SELF MANAGED SUPER FUNDS
Self-managed Super Fund’s (SMSF) have the following advantage from an Estate Planing perspective:
No one can challenge who gets what in a SMSF Last Will & Testament. It is a privilege given to the rich that can afford to have a SMSF. This is unlike a “normal” Will, which can be easily & automatically challenged by family members (with much relish). The people that can legally challenge, in all states, include your parents, children & spouse (including de-factos & gay partners). This is why Wills are uncertain documents when compared to s SMSF Last Will & Testament.
Currently, no one can challenge a Binding Nomination. However, the laws may change for Binding Nominations. Binding Nominations only last 3 years. If you get Alzheimer’s disease then you can’t update it. This means only a SMSF Last Will & Testament gives 100% certainty of where your super goes when you die.
A SMSF continues on for generation after generation. This is provided you continue to have members. It is a wonderful gift to hand to your children.
- Keeping money in your Super after you die – Reserve Accounts.
SMSFs can have reserve accounts. These allow money to stay in your superannuation Fund after you die. Otherwise, the money usually have to come out of your super, unless there are reversionary pension & the like. Reserve accounts are automatically available if you have a Brett Davies Lawyers SMSF Deed.
- Tax savings.
Thomas Henn from Brett Davis Lawyers did research on tax havens around the world. Australian SMSFs for pensioners were in the top 10. Families can now accumulate large assets and have them passed down from generation to generation (subject to point 4 above).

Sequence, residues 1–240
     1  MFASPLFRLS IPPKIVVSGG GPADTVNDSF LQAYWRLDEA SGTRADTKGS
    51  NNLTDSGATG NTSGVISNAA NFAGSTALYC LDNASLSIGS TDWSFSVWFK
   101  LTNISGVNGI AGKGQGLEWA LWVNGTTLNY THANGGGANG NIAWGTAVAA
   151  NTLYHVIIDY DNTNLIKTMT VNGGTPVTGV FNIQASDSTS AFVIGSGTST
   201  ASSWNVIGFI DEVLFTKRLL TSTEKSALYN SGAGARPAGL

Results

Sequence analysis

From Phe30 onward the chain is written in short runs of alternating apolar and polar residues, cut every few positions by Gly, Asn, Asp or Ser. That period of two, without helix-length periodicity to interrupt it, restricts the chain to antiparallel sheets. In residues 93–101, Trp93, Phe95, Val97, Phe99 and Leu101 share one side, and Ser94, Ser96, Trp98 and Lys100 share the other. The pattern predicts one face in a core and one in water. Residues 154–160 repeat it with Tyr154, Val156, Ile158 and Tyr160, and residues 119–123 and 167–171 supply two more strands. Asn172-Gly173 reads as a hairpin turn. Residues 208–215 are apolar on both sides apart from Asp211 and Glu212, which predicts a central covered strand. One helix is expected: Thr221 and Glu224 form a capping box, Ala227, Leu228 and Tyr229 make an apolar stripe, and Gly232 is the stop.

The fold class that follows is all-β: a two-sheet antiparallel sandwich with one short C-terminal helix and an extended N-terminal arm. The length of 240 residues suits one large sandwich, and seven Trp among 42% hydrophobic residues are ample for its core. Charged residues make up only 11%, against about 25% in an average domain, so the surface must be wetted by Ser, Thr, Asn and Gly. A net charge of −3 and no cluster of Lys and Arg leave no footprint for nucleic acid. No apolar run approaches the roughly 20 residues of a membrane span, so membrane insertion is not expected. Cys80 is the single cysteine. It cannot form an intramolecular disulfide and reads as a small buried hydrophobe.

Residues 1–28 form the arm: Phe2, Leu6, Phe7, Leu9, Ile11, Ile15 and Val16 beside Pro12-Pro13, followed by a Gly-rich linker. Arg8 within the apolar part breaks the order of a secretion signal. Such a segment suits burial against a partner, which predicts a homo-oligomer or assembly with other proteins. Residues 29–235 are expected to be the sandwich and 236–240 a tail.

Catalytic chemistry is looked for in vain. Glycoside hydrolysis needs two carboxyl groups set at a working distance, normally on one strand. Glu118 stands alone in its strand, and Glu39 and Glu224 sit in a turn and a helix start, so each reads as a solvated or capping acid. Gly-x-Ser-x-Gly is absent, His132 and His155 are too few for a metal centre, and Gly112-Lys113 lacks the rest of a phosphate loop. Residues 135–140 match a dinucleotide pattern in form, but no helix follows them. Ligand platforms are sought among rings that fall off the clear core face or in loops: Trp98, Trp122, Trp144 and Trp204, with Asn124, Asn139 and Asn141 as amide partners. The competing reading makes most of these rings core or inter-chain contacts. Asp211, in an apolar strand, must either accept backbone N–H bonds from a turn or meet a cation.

If you are not careful, the other Trustees of the SMSF may well walk away with your Super. For example, if you and your wife die and the only remaining trustee is your oldest daughter then you are leaving it open for your oldest daughter to take everything. Nothing would then go to your other children.
As seen in Katz v Grossman (2005) NSWSC 934 (16th September 2005), the trustees of a SMSF can pretty much do whatever they want as there is not court to oversee their decision. After dad died, the daughter just appointed her husband the trustee. He distributed dad’s entire super to her and none to the brother. Shameful and wicked, but the court could do nothing to stop them.
In comparison, for all non-SMSFs, the Superannuation Complaints Committee dissects what the trustee did, and either confirms or changes the trustee’s decision.
Every financial adviser, accountant and lawyer working in SMSF should send a copy of our Katz v Grossman story to their clients. Rumour has it that the son that received nothing got pretty snaky with his professional advisers – I suppose they settled out of court as there are no records of a court case.
Article prepared by Brett Davies Lawyers